In Spain, opinions are quite sharply divided: 27% state that it makes no sense to talk about the moral condition of an embryo that is a few days old, while 25% take the intermediate position and another 35% see its moral condition as close or identical to that of a human being.
ACCEPTANCE OF THE USE OF EMBRYOS DEPENDING ON THEIR ORIGIN
Public debate and regulatory attention concerning research with stem cells has recently crystallized around two concrete scenarios: the use of spare embryos left over from fertility treatments and the use of embryos created specifically for biomedical research purposes.
Citizens in most survey countries make differing judgments on these two scenarios, with acceptance of the use of spare embryos in all cases greater than that of embryos created for research. In the case of spare embryos, mean scores were in the approval zone in all countries except Austria (4.4) and Japan (4.6), and stood higher than 6 points in Denmark, Sweden, the Czech Republic, the Netherlands and Spain. In the case of embryos created for research, scores tended to range from 4 to 5 points, with support only at all emphatic in the Czech Republic (6.2). The citizens of Spain, Italy, the United Kingdom and Poland expressed marginal approval (just scraping in above 5 points on the scale) while remaining countries were all in the rejection zone.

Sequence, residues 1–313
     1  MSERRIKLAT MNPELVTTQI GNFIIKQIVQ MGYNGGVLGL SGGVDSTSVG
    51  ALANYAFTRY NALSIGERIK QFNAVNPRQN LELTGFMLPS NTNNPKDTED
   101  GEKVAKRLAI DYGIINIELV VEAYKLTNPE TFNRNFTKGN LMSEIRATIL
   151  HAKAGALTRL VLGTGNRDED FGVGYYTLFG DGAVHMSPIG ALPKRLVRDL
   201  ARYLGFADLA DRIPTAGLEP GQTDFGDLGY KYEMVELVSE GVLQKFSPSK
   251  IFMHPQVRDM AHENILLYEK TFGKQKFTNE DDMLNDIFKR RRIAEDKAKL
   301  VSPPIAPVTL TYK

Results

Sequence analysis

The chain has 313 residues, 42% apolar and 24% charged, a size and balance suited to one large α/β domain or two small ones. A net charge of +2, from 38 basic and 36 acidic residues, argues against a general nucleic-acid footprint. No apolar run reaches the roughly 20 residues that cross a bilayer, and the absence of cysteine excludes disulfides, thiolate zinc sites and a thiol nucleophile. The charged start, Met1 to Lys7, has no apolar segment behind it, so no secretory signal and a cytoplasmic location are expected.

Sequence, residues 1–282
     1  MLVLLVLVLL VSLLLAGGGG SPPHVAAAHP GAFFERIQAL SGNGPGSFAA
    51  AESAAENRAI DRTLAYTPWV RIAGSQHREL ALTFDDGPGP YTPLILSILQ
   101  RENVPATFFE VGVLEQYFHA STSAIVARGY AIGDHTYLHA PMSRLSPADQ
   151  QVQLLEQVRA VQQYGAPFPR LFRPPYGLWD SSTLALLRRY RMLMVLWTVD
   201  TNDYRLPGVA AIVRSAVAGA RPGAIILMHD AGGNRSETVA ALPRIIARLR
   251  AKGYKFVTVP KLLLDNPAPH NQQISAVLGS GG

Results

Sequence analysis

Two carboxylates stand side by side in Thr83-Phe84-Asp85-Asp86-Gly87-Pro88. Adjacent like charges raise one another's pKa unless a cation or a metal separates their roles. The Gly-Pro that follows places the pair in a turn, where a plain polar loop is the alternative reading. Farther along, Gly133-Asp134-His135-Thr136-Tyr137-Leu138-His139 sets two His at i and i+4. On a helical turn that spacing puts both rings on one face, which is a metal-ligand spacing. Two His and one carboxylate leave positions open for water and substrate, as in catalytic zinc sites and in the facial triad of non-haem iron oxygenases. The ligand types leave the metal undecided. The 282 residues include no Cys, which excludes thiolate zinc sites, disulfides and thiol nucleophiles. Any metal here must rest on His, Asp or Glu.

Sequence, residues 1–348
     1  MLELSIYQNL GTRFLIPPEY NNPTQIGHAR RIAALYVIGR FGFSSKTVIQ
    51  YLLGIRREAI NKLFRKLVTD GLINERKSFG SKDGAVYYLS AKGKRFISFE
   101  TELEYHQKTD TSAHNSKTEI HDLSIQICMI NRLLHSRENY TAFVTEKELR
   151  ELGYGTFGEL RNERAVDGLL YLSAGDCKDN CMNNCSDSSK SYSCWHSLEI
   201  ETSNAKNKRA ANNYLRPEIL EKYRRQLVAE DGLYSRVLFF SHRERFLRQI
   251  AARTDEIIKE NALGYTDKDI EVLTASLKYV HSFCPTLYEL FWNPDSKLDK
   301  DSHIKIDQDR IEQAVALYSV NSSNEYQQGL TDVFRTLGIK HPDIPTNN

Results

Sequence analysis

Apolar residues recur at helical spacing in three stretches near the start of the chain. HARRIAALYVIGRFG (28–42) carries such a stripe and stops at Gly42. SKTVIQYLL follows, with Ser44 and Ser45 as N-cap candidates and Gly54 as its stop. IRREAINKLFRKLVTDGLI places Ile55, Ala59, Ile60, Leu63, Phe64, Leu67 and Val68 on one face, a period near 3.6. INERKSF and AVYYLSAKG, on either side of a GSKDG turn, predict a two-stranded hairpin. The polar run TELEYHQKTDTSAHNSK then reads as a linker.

CREATION OF HYBRID EMBRYOS
Faced with a shortage of human embryos for use in advancing stem cell research, British scientists have sought official permission to create hybrid embryos. In September 2007, the UK agency regulating embryo research and fertility treat
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